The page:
Mullah Dadullah Front
The Mullah Dadullah Front, also known as the Dadullah Front, the Mullah Dadullah Lang Allegiance or the Mullah Dadullah Mahaz, is an insurgent group in Afghanistan that has claimed responsibility for a series of bombings and assassinations centered in Kabul. The group has been described by the National Directorate of Security, the principle intelligence agency of Afghanistan, as an affiliate of the Taliban; Taliban spokesmen have denied any relationship and described the group as a creation of Afghan intelligence services.
Mullah Dadullah Akhund was a Taliban military commander killed in 2007. According to Bill Roggio of the Long War Journal, Dadullah had joined the Taliban in 1994 but was held in disfavor by some in that organization for his brutality during the Afghan civil war. Following the American-led invasion of Afghanistan in 2001 Dadullah led Taliban forces in southern Afghanistan. U.S. Military officials stated that Dadullah made use of suicide bombings in the Taliban's fight against American, NATO and Afghan government forces, and embraced the radical ideology of al-Qaeda rejected by many other Taliban leaders. Dadullah was killed by British special forces in Helmand Province in 2007; the Dadullah Front, apparently named in his memory, now operates in Kandahar, Helmand, and Uruzgan Provinces, with near or total independence from, and even hostility towards other Taliban forces.
U.S. Military and intelligence officials have claimed that the Dadullah Front is led by Mullah Adbul Qayoum Zakir, also known as Abdullah Gulam Rasoul, a former detainee of Guantanamo Bay who was released in 2007. They have furthermore stated that the spokesman for the group as of 2010 was named Barialay Rahbarmal, though the group's spokesman in 2012 identified himself to the Express Tribune as Qari Hamza.
The Dadullah Front claimed responsibility for 14 May 2012 assassination of Afghan High Peace Minister Mullah Arsala Rahmani, who was shot in traffic within Kabul. Hamza, speaking to the Tribune, stated that the Dadullah Front would "target and eliminate" all persons allowing "[non-Muslim] occupation of Afghanistan." Rahmani was the second Peace minister to be killed within the year, following the assassination of Burhanuddin Rabbani by a suicide bomber on 20 September 2011. The Dadulla Front also claimed responsibility for that assassination. Both Rahmani and Rabbani had been responsible for organizing ongoing peace talks between the Taliban and the Karzai's government in Afghanistan.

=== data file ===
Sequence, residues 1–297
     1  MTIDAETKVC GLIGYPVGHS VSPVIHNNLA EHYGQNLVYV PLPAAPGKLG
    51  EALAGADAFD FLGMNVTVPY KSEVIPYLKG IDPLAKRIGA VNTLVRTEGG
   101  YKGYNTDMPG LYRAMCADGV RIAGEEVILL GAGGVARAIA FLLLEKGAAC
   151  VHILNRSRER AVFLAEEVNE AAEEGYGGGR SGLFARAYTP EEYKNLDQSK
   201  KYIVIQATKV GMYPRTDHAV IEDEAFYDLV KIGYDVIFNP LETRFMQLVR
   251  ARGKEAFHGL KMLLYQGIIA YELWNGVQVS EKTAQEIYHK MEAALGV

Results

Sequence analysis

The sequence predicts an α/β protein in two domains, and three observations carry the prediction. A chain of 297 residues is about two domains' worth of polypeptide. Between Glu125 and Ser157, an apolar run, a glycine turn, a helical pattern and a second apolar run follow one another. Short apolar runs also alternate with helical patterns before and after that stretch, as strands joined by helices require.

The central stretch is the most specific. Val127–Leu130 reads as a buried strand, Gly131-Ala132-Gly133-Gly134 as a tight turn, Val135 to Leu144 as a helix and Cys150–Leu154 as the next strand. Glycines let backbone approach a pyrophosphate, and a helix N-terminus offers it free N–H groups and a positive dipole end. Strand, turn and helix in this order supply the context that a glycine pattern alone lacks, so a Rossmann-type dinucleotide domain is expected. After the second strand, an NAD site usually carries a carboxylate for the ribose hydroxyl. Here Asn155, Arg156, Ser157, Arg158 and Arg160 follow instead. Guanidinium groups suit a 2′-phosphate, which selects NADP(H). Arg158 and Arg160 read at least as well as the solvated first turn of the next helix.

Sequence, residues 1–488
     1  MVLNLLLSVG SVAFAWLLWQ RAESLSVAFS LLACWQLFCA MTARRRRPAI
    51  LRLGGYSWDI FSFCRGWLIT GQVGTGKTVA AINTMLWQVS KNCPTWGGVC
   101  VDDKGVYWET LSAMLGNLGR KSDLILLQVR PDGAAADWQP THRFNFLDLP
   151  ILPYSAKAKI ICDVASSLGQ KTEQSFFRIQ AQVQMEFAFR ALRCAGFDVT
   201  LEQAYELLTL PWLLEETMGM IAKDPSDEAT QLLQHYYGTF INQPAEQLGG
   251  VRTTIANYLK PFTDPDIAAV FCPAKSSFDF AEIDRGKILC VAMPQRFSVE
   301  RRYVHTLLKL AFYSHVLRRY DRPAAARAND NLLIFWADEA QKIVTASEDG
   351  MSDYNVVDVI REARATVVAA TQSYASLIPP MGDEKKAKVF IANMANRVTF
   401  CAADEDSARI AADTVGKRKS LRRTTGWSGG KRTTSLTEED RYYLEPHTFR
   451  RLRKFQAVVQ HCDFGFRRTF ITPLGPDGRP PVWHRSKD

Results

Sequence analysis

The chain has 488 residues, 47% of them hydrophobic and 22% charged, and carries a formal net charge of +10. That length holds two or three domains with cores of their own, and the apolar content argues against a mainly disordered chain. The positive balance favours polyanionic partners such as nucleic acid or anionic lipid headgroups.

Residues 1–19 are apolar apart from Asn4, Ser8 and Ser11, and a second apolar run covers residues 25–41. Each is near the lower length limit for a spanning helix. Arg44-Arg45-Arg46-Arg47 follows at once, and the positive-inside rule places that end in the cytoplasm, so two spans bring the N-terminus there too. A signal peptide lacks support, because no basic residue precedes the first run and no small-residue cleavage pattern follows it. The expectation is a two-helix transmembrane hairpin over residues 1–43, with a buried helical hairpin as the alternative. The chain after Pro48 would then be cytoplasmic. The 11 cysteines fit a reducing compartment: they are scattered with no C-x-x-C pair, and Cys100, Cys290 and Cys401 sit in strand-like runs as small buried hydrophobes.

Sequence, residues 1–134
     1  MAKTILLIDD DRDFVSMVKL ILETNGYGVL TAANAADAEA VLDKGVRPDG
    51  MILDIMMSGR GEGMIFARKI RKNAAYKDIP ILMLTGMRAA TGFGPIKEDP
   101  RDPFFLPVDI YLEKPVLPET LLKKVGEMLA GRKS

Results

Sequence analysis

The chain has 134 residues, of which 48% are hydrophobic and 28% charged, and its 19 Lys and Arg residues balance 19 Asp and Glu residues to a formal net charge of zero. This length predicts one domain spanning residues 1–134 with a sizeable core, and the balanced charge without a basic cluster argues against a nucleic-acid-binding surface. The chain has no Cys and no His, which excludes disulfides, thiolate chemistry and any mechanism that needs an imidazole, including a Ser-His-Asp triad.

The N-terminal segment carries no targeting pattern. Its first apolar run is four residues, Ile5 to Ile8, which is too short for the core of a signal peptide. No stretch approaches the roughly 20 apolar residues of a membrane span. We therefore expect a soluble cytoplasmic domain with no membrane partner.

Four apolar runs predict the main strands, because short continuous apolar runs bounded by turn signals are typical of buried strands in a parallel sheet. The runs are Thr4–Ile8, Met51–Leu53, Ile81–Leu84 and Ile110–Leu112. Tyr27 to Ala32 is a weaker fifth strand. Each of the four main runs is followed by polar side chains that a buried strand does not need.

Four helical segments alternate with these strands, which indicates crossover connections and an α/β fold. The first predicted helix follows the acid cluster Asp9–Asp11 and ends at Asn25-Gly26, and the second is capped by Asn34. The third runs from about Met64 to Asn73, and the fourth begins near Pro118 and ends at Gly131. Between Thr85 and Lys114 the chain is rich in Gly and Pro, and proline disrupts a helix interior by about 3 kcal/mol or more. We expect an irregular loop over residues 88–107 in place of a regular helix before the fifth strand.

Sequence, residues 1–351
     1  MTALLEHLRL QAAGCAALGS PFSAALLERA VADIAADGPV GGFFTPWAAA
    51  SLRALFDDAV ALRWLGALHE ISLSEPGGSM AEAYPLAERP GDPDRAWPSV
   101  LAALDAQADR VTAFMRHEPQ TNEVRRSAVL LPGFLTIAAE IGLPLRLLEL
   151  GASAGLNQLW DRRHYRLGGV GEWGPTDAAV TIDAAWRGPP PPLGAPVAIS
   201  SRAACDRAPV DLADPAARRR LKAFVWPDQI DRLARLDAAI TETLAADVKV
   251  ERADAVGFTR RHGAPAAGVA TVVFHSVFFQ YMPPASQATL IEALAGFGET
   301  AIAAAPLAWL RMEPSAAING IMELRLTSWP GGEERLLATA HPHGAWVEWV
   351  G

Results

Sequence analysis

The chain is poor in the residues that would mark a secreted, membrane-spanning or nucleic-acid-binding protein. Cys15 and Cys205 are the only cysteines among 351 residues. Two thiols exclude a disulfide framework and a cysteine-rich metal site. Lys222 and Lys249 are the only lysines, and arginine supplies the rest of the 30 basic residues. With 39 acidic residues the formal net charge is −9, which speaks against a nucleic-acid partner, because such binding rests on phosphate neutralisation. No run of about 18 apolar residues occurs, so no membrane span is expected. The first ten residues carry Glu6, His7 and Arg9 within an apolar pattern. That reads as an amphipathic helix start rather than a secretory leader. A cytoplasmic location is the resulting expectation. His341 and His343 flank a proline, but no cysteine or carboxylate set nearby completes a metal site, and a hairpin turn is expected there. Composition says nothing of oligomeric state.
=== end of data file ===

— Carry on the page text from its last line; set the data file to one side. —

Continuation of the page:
Callers claiming to represent the group contacted several Afghan officials in May 2012, including Zabul Province representative Dawood Hasas, and threatened retaliation should they vote in favor of a "strategic partnership" negotiated between Hamid Karzai and U.S. President Barack Obama. Jeffrey Dressler, a fellow for the Washington Institute for the Study of War, described the Dadullah Front's operations as centered in Southern Afghanistan but extending to other parts of the country.
American and Afghan officials have stated that they fear the Dadullah Front may derail peace negotiations underway with the Taliban.
Association within Afghanistan
Afghan intelligence officials have claimed that the Dadullah Front is affiliated with or a splinter faction of the Taliban. Taliban spokesmen have denied any relationship to the Front, or the assassinations of Rabbani and Rahmani. They have furthermore suggested that the group is a creation of the Afghan intelligence agency, the National Directorate of Intelligence.
- Roggio, Bill, "Financier for 'Mullah Dadullah Front' captured in Afghan south", The Long War Journal, 4 December 2010.
- Norland, Rod, "In Afghanistan, New Group Begins Campaign of Terror", The New York Times, 19 May 2012.
- Simpson, Connor, "Meet the New "More Radical" Insurgent Group in Afghanistan", The Atlantic Wire, 19 May 2012.
- Roggio, Bill, "Mullah Dadullah, Taliban top commander, killed in Helmand", The Long War Journal, 13 May 2007.
- Roggio, Bill, "Mullah Dadullah Front claims assassination of Afghan High Peace Council member", The Long War Journal, 14 May 2012.
- Special Operations Interrogator's Report, "State of the Taliban," published by The New York Times, drafted 6 January 2012.
- Khan, Tahir, "Killer blow to the peace process: senior afghan peace negotiator assassinated," Express Tribune, 14 May 2012.